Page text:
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Culture: Square peg in a new tradition; Visual arts Terry Grimley reviews an indepth exhibition devoted to the Pre-Raphaelites' odd man out.

Byline: Terry Grimley

It is difficult to think of a painting that would represent most people's idea of Pre-Raphaelite art more effectively than The Last of England by Ford Madox Brown - an iconic image of Britain at the midpoint of the 19th century and one of Birmingham Museum & Art Gallery's greatest treasures.

And yet Brown is the odd one out among the group of four major artists who are most closely associated with the movement (the others being William Holman Hunt, John Everett Millais and Dante Gabriel Rossetti), in that he was never actually a member of the Pre-Raphaelite Brotherhood. Hence the title of Birmingham Museum & Art Gallery's exhibition, Ford Madox Brown: the Unofficial Pre-Raphaelite.

The exhibition draws on the museum's extraordinarily extensive collection of Pre-Raphaelite drawings, including quite a number which I have never seen before. They range from early training studies through preparatory drawings for various major paintings to book illustrations and some late large-scale portraits in pastel. The exhibition also touches on his stained glass designs for Morris, Faulkner & Co, of which he was a founder member, and for which he also designed furniture.

Brown was inevitably something of an outsider, having been born in Calais in 1821 and trained in Belgium. This cosmopolitan background continued with a visit to Rome in 1845.

There is a drawing he did there of a Roman copy of a Greek statue which demonstrates his command (in black chalk, the preferred medium for his early drawings) of academic draughtsmanship.

After this, the immediacy of a half-length male nude study done in a London drawing academy between 1846 and 1849 is startling.

The muscular model who seems to breathe before your eyes might just have walked in from a building site like the one Brown later painted in Work.

For me, Brown was at his best when dealing with the contemporary world in paintings like Work, The Last of England and An English Autumn Afternoon, rather than dressing up in historic costume. But in the late 1840s, just before the Pre-Raphaelite moment, he was already working on elaborate history paintings like Chaucer at the Court of Edward III and Wycliffe Reading His Translation of the Bible. Numerous studies for the many figures in these paintings feature here, together with a sheet of studies of costume taken from various textbooks on the subject. It is interesting to notice how Brown started with a nude study of a young man for the full-length figure of Wycliffe, later grafting on the old man's face which is the subject of a separate drawing.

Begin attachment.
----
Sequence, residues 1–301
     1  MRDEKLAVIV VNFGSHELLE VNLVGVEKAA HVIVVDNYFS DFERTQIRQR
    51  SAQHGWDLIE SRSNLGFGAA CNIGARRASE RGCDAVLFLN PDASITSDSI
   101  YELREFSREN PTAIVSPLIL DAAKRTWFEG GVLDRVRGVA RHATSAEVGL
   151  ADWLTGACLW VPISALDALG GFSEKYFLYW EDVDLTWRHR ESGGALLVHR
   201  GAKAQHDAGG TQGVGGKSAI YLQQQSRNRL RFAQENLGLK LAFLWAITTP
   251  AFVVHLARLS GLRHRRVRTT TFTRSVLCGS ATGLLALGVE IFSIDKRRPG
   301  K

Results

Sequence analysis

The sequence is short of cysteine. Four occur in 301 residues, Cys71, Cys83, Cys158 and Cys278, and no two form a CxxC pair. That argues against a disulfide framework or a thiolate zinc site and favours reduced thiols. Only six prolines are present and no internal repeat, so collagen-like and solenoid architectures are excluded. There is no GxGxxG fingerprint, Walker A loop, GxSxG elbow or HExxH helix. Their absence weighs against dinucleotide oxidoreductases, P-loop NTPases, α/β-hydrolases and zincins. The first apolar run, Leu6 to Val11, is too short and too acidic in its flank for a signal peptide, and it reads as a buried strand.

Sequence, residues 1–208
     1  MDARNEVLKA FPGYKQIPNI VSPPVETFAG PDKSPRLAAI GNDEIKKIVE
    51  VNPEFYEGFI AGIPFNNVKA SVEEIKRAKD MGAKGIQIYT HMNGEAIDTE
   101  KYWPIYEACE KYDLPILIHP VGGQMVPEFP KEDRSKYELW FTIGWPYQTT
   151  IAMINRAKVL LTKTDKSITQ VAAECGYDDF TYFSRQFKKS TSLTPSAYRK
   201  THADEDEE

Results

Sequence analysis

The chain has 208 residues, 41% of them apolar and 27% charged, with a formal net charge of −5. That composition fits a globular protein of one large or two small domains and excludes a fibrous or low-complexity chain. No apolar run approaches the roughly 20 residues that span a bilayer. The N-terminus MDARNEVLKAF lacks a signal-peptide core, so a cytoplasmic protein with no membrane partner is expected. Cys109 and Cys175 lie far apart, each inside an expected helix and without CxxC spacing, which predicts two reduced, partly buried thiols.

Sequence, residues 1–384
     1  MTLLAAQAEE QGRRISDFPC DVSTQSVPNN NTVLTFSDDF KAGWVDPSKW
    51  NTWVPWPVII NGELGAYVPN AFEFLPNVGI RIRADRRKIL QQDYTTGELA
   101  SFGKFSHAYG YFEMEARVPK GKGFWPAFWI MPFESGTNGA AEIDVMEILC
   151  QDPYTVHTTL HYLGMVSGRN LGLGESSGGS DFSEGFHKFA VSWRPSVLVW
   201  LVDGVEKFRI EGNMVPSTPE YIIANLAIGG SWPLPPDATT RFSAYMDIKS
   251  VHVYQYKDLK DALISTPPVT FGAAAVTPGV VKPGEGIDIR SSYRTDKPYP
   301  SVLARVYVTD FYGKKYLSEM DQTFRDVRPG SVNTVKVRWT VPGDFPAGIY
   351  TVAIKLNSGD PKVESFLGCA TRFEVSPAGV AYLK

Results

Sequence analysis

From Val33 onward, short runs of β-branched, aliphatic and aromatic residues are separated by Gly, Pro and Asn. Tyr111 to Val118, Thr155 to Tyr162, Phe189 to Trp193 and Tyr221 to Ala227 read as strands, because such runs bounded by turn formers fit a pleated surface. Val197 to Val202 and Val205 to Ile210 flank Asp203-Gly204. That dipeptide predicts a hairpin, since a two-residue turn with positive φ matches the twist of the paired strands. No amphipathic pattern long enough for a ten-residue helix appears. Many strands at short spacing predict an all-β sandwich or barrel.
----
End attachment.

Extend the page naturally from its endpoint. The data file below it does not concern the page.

The unexpected 18th century costume of Pretty Baa-Lambs, a painting which now seems most interesting for its rendering of a quintessential English landscape with what looks suspiciously like an industrial haze on the horizon, apparently regects an artistic vogue of the time. There is a large watercolour illustration to Sterne's Sentimental Journey which shows the fashion for 18th century literature.

But in 1852, on the early good-tide of Pre-Raphaelitism, Brown started work on his masterpiece The Last of England. An important ingredient was Emma Hill, who became his model in 1848 at the age of 19 (there's a tiny pencil portrait of her from that year, perhaps signihcantly dated "Xmas") and his wife shortly afterwards.

In the painting Brown shows Emma and himself as an emigrating couple, both staring anxiously into the distance, absorbed in their thoughts, with their small daughter Katty (eating an apple to the left of the painting) and baby son Oliver, whose hand can just be seen protruding from Emma's shawl. The painting was prompted by the sculptor Thomas Woolner emigrating to Australia but Brown, who described himself at this time as hard-up and a little mad, was also seriously considering emigrating to India.